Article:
Diaz Contemporary, Toronto January 17 to February 16, 2013
MKG127, Toronto Aug 9 to Sep 8 2012
Homer Watson House & Gallery, Kitchener May 5 to Sep 30 2012
You enter artist-designer-architect Jacques Bilodeau's Montreal studio expecting a stark modernist interior, but what you find instead is a sort of Plato's cave of blue-black steel, all hollows and shadows. This and other surprises abound in critic Gary Michael Dault's feature on the artist, published in our Winter 2012 issue.
Toronto artist Eldon Garnet is known for a multifaceted practice in public art, publishing, writing and more. Here, in a review of his latest solo show, critic Gary Michael Dault argues that Garnet's also making his strongest gallery work ever.
Gordon Lebredt, who passed away in February at the age of 62, brought an exuberant exactitude to art, design, motorcycles and more. Here, critic Gary Michael Dault remembers this influential friend and colleague on the eve of a memorial event.
In his recent Toronto exhibition, New Brunswick artist Robin Peck piled austere shapes and ancient architectural references into works that were surprisingly light. Gary Michael Dault reviews, finding the elemental in Peck’s contemporary practice.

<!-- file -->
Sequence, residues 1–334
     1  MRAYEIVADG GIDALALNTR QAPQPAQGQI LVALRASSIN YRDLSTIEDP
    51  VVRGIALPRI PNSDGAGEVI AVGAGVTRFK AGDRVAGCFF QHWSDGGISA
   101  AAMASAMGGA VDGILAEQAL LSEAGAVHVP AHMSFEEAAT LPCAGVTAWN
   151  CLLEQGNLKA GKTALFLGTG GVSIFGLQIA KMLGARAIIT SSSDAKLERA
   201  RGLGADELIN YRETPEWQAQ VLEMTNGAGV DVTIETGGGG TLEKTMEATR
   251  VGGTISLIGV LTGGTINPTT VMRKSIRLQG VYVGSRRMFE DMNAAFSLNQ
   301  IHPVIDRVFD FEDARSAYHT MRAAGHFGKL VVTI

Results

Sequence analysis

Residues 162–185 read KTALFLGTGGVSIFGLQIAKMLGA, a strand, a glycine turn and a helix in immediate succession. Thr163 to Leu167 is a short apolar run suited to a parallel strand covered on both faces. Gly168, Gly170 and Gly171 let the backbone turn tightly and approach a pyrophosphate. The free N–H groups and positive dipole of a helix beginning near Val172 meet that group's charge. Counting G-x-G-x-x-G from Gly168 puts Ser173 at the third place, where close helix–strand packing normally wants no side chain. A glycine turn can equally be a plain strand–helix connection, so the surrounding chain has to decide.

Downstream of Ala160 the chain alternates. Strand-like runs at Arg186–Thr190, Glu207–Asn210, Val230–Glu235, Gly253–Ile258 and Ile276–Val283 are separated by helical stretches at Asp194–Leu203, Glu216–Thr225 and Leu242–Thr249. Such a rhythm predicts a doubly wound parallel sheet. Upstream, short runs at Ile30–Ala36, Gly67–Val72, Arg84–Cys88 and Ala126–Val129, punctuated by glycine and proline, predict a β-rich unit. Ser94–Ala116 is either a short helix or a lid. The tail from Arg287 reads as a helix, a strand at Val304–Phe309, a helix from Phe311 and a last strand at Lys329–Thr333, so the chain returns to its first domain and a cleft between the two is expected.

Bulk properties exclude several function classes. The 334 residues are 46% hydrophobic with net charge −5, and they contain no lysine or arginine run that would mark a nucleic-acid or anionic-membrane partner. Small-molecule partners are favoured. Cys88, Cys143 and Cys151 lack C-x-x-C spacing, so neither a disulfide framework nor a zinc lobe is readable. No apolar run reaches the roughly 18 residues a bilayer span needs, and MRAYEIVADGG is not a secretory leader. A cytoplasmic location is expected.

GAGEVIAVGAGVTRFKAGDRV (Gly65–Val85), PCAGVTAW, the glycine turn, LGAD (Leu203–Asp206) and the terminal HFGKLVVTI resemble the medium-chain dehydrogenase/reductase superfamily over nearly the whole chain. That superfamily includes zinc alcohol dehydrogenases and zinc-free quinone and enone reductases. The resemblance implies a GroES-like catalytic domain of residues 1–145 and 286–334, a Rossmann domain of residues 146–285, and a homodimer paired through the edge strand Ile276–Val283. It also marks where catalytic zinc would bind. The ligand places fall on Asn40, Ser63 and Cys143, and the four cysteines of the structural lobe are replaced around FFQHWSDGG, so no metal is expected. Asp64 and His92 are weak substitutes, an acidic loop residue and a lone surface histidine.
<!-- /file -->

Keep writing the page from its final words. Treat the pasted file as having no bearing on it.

The Endless Art of Calgary’s Eric Cameron
It is conventional art wisdom that it’s best to paint what is around you. And what is around the artist Ben Walmsley is children. He has four of them, ranging in age from nine to 19. “I’ve been a stay-at-home dad for 20 years now,” Walmsley tells me during my recent visit to his Toronto studio.
There are few places I’d rather spend time in Halifax than the sun-filled harbourside studio of my friend, the painter Gerald Ferguson. And on this particular day in mid-August, we’re settling in for a long chat.
Fifteen years of frottage painting by Gerald Ferguson
For his second exhibition at Diaz Contemporary, the Mexico City–based artist Francisco Castro once again offered paintings based on the grid, which for a century has been a primary means of modernist visual organization.
It was one of Buckminster Fuller's poetic and provocative theses that the galvanizing of the world ecology movement, such as it is, essentially happened in 1968 when we all got our first long, steady, photographic look at our blue planet, hanging in space, isolated, bounded.
An unusual collaboration takes the work of the Canadian modern master to St. Petersburg's State Hermitage Museum.